Again, M$ isn't a mobile connectivity provider, they don't (yet) make 3G datacards and they are not (in the UK at least) a mainstream ISP. So stop trying to wedge your software in between the ISP/Datacard provider and the OS. The ISP/3G-Datacard provider is the best company to make the O/S link to the hardware/service. let them do their job and you do yours.
There are already great corporate level deployment tools. We (the IT Professionals) are using using them - we have been using them for years. We have a lot of TIME and MONEY invested in their use. Kindly leave them alone.
See Deployment above.
Now .. go away and provide us with Windows XP Pro v2 - which has the same Interface, the ease of use and installation but has the needed features. Not 100's of bells and whistles that just eat up the resources of the hardware that we're stuck with for the next 3-4 years.
In an ideal world I'm sure a lot of companies would more to some flavour of Linux or other -- alas some have invested huge percentages of their IT budget in Windows-only third party applications and, as a result, are stuck with XP until they can either afford an upgrade to Windows 7 or work out how to use Linux.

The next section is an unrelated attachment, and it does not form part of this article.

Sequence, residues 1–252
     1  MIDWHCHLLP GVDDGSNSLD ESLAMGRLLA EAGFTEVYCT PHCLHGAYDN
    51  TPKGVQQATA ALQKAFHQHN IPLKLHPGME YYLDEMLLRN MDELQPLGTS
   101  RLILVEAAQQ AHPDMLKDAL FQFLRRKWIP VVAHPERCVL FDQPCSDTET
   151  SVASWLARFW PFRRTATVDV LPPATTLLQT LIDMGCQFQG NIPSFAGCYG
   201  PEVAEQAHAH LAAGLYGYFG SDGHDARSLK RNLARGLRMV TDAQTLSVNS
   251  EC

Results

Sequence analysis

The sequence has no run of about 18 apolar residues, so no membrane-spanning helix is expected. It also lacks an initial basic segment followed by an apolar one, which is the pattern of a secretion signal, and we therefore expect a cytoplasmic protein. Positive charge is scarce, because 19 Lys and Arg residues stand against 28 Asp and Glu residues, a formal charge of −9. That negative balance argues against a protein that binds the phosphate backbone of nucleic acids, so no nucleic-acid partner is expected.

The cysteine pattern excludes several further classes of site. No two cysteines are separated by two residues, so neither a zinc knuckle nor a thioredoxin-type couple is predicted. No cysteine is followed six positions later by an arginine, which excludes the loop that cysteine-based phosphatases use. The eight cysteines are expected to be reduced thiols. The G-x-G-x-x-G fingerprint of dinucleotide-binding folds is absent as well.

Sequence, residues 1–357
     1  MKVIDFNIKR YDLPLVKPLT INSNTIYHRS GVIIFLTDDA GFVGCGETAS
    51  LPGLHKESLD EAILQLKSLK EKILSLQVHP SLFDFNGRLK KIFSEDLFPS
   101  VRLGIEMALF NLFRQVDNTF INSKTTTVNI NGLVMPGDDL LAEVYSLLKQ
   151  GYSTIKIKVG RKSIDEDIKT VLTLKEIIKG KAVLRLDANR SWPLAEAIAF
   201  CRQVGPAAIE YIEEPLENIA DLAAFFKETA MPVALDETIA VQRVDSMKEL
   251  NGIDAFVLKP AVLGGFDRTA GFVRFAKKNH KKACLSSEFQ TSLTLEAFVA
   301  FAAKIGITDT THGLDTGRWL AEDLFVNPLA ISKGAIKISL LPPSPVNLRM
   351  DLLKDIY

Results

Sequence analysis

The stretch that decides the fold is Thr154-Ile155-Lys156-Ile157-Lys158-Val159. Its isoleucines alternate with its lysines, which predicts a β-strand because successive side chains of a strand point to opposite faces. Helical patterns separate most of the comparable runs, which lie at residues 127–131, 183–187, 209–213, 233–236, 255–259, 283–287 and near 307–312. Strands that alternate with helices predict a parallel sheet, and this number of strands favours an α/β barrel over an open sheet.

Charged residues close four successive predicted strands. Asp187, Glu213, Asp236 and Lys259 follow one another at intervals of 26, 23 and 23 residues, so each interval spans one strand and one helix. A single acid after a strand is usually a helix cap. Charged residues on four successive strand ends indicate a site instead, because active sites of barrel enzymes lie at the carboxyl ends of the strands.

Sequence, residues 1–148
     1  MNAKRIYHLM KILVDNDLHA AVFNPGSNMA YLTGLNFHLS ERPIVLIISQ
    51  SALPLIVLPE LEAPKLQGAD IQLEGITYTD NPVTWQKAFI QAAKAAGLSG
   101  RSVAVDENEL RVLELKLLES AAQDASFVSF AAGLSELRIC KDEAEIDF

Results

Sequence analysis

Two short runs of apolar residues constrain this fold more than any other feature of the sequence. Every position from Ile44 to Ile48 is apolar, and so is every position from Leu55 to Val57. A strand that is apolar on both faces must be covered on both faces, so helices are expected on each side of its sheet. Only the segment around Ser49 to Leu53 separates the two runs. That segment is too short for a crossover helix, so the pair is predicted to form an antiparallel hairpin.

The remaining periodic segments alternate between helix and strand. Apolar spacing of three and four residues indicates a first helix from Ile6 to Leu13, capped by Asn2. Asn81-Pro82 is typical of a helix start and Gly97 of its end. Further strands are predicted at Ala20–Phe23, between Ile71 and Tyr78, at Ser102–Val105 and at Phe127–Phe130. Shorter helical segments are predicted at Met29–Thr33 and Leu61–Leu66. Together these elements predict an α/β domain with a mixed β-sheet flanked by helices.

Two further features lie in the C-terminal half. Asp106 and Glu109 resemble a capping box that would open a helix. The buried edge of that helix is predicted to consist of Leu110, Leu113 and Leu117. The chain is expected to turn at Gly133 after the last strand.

With any luck a decent percentage will do the latter.
Microsoft - what does Windows 7 do for my business, that Windows XP doesn't already do?
Not a feature list, please. A zillion new features that I never asked for and which contribute nothing to my business is a non-answer. In fact, it's probable that they'll confuse my users after the upgrade, leading to a drop in productivity and a flood of calls to the support desk. That's a negative, not a positive. I'd rater pay (yes, PAY) for continued XP support with user-transparent incremental upgrades. than for a flag-day upgrade to Windows 7.